You sort of expect this kind of thing when dealing with young people; you do not expect it among senior citizens, which is the other painful incident of which I am aware.

Once upon a time these folks were married and seemed to be happy and content. All of a sudden, there’s trouble in Camelot and things are not going as well as they once did.

Comes next the divorce, which should be the end of the issue. But no, since the pots and pans are still being hurled back and forth, there must be some element of love left in the relationship. Remember, the opposite of love is not hate; it is indifference. If you fall out of love with someone, you simply do not care. You are indifferent.

Some folks want to try to salvage a relationship when the cost of the salvage job exceeds the value of the relationship, leading one to wonder aloud what that old bumper sticker said years ago: “Why do we do the things we do when we know the things we know?” What’s the definition of insanity? Doing the same old thing and hoping for different results.

So part of the salvage job included remarrying and recommitting to something that did not work so well the first time around. No surprise here—a second divorce ensued. Now the only people winning are the lawyers, whose fees are fattened by bad decisions.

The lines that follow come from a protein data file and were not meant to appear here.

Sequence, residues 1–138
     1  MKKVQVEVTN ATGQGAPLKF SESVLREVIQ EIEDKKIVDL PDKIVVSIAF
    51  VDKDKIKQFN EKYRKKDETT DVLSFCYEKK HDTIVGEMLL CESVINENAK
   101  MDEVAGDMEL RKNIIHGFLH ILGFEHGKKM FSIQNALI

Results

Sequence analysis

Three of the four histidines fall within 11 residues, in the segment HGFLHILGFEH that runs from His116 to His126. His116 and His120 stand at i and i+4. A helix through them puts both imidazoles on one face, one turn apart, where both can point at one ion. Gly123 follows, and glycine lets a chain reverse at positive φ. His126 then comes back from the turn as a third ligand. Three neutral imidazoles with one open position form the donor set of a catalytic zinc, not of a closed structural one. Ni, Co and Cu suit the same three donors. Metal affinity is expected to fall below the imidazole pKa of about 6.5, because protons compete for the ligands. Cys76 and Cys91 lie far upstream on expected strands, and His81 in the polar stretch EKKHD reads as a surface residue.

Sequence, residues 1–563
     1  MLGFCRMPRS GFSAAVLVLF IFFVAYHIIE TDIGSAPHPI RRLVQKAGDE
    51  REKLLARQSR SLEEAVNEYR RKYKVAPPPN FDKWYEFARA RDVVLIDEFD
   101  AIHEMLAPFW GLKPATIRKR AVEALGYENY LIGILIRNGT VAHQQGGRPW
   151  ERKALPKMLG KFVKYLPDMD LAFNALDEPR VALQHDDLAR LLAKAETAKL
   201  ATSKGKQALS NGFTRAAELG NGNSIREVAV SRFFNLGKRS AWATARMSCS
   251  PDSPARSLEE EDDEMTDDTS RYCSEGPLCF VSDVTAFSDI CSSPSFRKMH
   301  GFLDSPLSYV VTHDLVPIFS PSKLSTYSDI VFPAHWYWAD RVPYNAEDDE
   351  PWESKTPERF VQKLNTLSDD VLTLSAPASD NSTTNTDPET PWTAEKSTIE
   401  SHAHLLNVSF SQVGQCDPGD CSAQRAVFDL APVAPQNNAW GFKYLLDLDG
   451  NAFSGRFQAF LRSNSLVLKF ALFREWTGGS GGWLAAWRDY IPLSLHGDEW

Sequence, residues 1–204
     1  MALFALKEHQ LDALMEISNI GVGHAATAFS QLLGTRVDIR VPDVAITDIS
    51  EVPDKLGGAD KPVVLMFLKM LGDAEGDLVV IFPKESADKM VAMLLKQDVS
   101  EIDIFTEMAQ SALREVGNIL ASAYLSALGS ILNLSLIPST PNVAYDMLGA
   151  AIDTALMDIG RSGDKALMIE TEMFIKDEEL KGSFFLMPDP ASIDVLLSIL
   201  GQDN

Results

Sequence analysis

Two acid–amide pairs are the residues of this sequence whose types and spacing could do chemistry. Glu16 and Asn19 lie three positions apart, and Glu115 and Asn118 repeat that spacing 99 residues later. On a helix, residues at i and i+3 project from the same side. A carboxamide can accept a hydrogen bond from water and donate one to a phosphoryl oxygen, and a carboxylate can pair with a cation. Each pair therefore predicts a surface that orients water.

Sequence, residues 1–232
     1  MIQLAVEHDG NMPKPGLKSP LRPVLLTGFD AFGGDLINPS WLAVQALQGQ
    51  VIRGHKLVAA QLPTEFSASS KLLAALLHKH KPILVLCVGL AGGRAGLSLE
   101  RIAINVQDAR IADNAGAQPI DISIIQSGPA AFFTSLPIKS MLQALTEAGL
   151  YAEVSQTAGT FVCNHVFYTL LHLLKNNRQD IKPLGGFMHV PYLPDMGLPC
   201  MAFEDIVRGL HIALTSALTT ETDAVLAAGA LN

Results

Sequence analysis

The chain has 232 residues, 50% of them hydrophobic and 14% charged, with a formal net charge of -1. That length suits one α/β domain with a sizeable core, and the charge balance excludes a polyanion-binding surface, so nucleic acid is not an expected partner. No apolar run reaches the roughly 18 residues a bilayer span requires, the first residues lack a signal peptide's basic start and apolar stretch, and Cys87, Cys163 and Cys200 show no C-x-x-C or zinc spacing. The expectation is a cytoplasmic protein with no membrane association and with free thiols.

Now, if you are a teenager and you make these kinds of decisions, at least you can chalk it up to inexperience and stupidity. If you’re a senior citizen and you have traveled this path before, shame on you for replicating your past.

Painful as it may seem, sometimes it might just be better to be friends than to be married. Marriage is difficult on a good day and it requires a lot of patience, forgiveness, love, and care. Imagine how it is on a bad day. None of those ingredients are anywhere to be found.

Adopt this philosophy: “Be wrong so that others may be right.” Life will be much less miserable.


Managing Bernalillo’s growth

—Town of Bernalillo